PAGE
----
Will our love for birds help them survive environmental catastrophe?

Birds are a ubiquitous and essential part of the human experience on earth. Their cheery songs and bright colors bring life to our yards and walks around campus; their portentous behaviors give meaning to our 9th grade English assignments (Homer, circa 850 BCE).

looking at a Canada Warbler on the Blue Ridge Parkway -- way more fun than writing about the Odyssey
looking at a Canada Warbler on the Blue Ridge Parkway — way more fun than writing about the Odyssey

According to the US Fish and Wildlife Service some 46.7 million bird watchers live in the United States.  That means one out of six ‘Americans’ has an active appreciation for birds.  I’m sure a large portion of the remaining 5-6ths can identify at least a few birds, if only because they also happen to like professional baseball.

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Or even if they don’t like sports, they’ll know this evocateur of patriotrism, the Bald Eagle.

Bald Eagle crop
Bald Eagle, Roanoke River, North Carolina

Yes, our love for birds is undeniable, not least of all by economists, who estimate that economic activity related to wildlife-watching summed to 54.9 billion dollars in 2011 (US Fish and Wildlife Service).

But despite our best affections and financial investments, the outlook is grim for many birds on this planet, afflicted as it is by a record-high human population and gross over-consumption and over-exploitation of natural resources. Some 13% of the world’s roughly 10,000 bird species are threatened with extinction according to the International Union for the Conservation of Nature. Even in the United States where we have well-funded government and non-profit organizations devoted to the conservation of birds, 314 species are projected to decline significantly over the next 65 years due to the effects of anthropogenic warming, according to a recent study by Audubon.

The challenge of climate change brings us to the title of this blog: ‘Birds in a Changing World.’  Will our love for birds help them survive the Earth’s ongoing 6th mass extinction? That is the fundamental question that this blog will explore.  But before you scurry away from the bleakness of climatic and ecological apocalypse, be assured that there will be a heavy emphasis on the loving of birds part.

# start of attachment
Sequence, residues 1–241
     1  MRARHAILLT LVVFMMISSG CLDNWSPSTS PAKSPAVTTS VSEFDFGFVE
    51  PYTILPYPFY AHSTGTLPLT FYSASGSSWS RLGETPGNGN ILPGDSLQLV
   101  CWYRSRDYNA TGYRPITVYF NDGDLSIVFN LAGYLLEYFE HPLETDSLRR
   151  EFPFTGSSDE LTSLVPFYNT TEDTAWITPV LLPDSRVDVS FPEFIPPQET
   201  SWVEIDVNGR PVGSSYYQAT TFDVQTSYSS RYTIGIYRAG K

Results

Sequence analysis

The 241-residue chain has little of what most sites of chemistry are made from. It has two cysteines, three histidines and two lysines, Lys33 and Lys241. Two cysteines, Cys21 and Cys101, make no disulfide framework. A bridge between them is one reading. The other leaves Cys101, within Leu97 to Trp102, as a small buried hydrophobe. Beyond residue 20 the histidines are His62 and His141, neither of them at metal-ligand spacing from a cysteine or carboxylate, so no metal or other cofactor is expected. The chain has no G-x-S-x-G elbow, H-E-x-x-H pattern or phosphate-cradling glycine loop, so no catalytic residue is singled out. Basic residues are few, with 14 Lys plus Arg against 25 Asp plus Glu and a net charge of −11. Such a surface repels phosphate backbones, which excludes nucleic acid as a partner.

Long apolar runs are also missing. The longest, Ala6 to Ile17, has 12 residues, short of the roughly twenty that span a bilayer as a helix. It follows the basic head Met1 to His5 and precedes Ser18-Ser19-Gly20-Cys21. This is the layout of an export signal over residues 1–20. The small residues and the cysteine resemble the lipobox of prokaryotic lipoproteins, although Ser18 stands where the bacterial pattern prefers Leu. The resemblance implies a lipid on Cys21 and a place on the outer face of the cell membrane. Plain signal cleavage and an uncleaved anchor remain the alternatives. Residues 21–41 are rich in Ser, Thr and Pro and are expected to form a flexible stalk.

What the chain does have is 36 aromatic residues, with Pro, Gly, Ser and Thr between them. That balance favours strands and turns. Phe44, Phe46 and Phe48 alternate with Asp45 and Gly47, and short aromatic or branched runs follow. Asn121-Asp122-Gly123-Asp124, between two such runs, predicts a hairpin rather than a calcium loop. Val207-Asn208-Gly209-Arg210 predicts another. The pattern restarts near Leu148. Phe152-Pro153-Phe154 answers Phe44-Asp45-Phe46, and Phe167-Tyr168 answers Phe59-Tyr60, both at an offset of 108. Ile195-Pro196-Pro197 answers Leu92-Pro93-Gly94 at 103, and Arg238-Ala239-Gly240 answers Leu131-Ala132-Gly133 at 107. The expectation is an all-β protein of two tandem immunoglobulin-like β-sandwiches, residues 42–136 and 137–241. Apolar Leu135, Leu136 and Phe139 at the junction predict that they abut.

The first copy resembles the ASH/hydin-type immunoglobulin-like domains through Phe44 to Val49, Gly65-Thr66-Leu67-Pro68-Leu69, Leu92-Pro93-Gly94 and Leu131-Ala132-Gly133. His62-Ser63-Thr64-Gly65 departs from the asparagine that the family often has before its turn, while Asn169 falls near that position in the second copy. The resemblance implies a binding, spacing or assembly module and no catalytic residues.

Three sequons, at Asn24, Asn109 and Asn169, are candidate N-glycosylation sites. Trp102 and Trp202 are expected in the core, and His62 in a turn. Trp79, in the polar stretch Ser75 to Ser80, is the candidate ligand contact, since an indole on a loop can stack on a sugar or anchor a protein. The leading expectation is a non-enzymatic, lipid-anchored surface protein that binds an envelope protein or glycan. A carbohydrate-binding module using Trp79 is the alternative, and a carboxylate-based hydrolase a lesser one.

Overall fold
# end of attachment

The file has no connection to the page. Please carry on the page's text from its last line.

Baby Northern Saw-whet Owl, Devil's Courthouse
don’t be afraid of this Baby Northern Saw-whet Owl, Devil’s Courthouse

Then again, birds are the living descendents of dinosaurs, so it is best to be prepared for some terror!

The terrifying Blue Grosbeak-asaurus
The Blue Grosbeak-asaurus of the early Anthropocene, Prairie Ridge Ecostation for Environmental Learning

Let me also convince you that I am the perfect narrator to take you on this quest for birds.

First, the reason I am at Duke is to pioneer research exploring how aquatic birds, such as ducks, geese and swans, might influence the emission of greenhouse gases from their managed wetland habitats. We (the United States) have millions of hectares of public and private wetlands that have the potential to both sequester (mega) tons of carbon and also emit prodigious amounts of greenhouse gases.  How we manage these wetlands and the populations of wildlife that inhabit can have significant impacts on regional greenhouse gas budgets.  Can birds help us mitigate climate change? I will discuss this further as I make sense of my data and publish results.

Mattamuskeet 2014_02_01 Jianyu Wu
Me at my (partially frozen) field site with Tundra Swans. Mattamuskeet National Wildlife Refuge. photo by Jianyu Wu

Second, I am a fanatic “birder,” which means I constantly seek out and identify birds wherever I go.  Others might call this a hobby, but I see it as more of a lifestyle.  There is no longer an off button.

I first got into birding 10 years ago at Brown University (where I founded the “Brown Boobies”) and currently serve as Vice-president of the Carolina Bird Club.


I seek out birds wherever my travels take me and lead specialty birding field trips all over the Carolinas and occasionally to the mega-diverse neotropics.  I muse about my birding experiences at www.birdaholic.blogspot.com if you’re interested in retracing my most-recent four+ years of birding. Thus far I have identified nearly 2000 bird species across four continents and hold the unofficial title of top eBirder in Durham County (which has brought phenomenal wealth and fame).

birders from the Nicholas School in the Stream and Wetland Assessment Management Park (SWAMP)

So join me as we explore the wonderful world of birds and birdwatchers and the great environmental challenges these strange species face.


1. U.S. Department of the Interior, U.S. Fish and Wildlife Service, and U.S. Department of Commerce, U.S. Census Bureau. 2011 National Survey of Fishing, Hunting, and Wildlife-Associated Recreation.

3 thoughts on “Will our love for birds help them survive environmental catastrophe?

  1. Scott! You forgot to mention that your towering stature enables you to ID canopy gleaners at lightning speed!!

    Nice article…best of luck!

    1. Thanks, Rob!
      The height is more useful for keeping my hip-waders from being over-topped than for spotting birds I think, but I’ll keep your comment in mind for the next time I’m bragging about my superior birding abilities. 😉

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